In the final of a series, Lincoln Tan meets students who say it's difficult finding something to spend their money on

International students could be the saviour of Auckland's economy in recessionary times - but some say they don't know where to spend their money.

Business bodies say Auckland firms are not doing enough to woo international students as customers.

A Herald survey of 30 tertiary and private international students found they received allowances of between $120 and $500 weekly - but some said they struggled to find ways to spend their money in "quiet" Auckland.

Mohd Iqbal, 19, from Saudi Arabia, receives US$350 ($500) a week, but says he struggles to find ways to spend it.

"As a Muslim I don't drink or gamble so I don't go to the pubs or the casino, and shops and restaurants here all close very early. So where do I go to spend my money?

"I studied in Singapore before I came to Auckland and I used to shop until late at night and ate at restaurants that remained open 24 hours. Here I only go home and go on the internet."

Another student, Louisa Zhang, from China, says the lack of a night-time shopping and entertainment venue - such as a night market - means students have only the casino to go to in the late hours.

"If you don't feel like eating or drinking, there is really nowhere you can go to at night."

Tourism Auckland chief executive Graeme Osborne says: "They're here and they have the spending money, but I don't think local businesses are doing enough to turn them into customers."

He says 56.7 per cent, or more than 50,000, international students who come to New Zealand choose to study in Auckland - making them one of the largest client bases for local businesses.

"But Auckland businesses haven't really come to grips with that, and export education is still a sector that is grossly undervalued and under-recognised."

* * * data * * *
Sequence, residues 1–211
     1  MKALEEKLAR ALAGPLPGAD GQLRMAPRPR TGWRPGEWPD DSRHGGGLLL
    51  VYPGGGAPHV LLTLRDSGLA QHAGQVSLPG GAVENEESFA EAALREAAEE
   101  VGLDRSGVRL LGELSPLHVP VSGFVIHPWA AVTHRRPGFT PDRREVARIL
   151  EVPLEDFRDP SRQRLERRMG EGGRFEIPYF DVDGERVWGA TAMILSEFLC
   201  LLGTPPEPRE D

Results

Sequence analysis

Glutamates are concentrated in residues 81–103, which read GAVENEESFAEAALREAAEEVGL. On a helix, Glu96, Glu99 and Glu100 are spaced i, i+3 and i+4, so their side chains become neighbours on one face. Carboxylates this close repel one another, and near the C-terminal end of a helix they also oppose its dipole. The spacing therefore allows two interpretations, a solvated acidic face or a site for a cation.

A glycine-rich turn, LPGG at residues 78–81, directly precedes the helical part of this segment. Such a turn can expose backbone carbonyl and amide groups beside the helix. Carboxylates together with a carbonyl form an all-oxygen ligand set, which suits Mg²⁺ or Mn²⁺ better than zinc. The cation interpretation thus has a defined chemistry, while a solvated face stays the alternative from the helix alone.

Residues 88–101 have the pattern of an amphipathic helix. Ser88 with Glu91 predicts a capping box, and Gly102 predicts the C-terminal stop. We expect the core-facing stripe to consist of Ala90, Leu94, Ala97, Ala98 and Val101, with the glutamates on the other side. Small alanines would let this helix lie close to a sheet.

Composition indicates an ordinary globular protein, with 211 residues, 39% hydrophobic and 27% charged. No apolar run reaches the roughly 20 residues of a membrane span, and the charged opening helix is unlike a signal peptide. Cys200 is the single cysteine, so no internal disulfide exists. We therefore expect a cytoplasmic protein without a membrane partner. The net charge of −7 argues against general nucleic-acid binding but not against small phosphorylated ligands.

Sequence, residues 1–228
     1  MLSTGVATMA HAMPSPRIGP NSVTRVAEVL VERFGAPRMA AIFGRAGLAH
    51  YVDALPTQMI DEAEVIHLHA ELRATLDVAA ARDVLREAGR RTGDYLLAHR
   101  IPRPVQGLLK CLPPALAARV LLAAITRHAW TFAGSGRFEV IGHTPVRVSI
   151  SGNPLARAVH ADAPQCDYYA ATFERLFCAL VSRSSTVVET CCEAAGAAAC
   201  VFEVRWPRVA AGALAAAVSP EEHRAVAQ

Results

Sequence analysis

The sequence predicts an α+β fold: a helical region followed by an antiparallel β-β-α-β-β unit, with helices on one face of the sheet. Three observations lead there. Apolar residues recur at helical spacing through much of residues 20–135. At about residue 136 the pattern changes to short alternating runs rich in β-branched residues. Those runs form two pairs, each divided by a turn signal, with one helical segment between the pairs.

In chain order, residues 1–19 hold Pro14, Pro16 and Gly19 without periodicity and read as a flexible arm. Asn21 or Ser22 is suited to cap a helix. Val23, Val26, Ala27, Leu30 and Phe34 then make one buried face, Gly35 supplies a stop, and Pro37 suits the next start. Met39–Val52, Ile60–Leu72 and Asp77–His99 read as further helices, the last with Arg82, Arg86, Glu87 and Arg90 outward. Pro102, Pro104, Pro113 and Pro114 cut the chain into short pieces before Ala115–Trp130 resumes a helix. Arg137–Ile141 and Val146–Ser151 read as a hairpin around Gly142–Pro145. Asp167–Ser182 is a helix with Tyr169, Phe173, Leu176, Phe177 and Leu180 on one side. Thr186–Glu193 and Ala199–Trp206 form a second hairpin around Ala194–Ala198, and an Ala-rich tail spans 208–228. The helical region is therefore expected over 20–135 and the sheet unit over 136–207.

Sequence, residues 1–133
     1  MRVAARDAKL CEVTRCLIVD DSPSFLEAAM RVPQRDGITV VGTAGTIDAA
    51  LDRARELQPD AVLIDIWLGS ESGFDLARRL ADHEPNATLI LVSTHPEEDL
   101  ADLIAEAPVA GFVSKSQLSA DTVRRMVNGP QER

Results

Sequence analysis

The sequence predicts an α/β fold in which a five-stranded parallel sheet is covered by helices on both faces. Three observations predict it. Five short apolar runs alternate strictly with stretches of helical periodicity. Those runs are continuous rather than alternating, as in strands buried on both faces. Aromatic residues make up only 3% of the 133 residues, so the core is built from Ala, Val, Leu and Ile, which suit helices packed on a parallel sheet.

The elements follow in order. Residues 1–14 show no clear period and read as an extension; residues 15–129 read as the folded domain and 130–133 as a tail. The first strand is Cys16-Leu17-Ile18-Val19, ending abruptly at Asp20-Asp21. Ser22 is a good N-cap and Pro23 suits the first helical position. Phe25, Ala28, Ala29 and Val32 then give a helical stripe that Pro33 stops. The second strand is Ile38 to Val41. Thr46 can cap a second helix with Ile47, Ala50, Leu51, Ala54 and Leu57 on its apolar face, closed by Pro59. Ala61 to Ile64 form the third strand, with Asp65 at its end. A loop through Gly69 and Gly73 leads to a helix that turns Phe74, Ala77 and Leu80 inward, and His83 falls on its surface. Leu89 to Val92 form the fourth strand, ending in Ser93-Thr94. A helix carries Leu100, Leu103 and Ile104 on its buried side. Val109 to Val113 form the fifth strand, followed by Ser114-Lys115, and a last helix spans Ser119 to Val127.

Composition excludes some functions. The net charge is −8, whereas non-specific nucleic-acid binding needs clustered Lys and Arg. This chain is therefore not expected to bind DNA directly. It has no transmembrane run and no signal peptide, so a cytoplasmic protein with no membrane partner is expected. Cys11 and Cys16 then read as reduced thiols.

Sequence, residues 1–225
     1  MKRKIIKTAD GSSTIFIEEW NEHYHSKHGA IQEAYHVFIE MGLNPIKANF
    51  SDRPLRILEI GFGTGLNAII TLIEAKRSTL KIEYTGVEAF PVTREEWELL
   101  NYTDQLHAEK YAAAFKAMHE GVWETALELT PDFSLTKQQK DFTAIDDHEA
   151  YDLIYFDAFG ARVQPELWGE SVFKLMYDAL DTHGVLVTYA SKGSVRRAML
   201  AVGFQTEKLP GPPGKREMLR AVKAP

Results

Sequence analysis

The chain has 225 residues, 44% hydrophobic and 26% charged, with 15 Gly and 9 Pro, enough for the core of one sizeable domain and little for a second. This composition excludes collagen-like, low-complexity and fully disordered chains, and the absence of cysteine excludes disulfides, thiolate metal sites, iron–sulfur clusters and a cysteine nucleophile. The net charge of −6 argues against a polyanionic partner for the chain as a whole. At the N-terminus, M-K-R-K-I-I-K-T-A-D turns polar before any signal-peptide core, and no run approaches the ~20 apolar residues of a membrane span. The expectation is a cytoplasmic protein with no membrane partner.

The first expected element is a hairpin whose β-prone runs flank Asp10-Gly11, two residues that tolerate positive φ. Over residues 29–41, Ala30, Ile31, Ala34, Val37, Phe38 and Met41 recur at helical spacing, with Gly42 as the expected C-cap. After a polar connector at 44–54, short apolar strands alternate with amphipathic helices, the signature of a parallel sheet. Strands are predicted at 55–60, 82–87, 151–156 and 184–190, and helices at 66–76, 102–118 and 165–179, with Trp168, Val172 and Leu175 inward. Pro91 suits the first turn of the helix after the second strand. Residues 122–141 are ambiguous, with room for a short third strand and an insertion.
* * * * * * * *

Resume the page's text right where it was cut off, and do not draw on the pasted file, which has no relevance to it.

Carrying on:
Mr Osborne says international students are worth $1.3 billion to Auckland's economy and export education generates $3.8 million of GDP a day.

Their visiting relatives and friends generate a million visitor nights and add a further $130 million in foreign exchange earnings.

Auckland Chamber of Commerce chief executive Michael Barnett says that as well as retail and accommodation, international students also play a vital role in supporting Auckland's public transport and other tourism services.

"There's almost every part of our economy that these people are going to touch and they're going to spend and they are going to contribute."

"They are a wonderful resource, and we should be taking advantage of that."

Study Auckland, a business unit within Tourism Auckland, will organise an event this month that it hopes will connect tourism operators and businesses interested in the international student market with schools and international students.

Where Education Meets Tourism will be the first expo of its kind to bring local businesses and international students together, says Study Auckland manager Debbie Chambers.

"This expo is aimed at not just boosting local businesses but also boosting international students' experience of the whole of Auckland."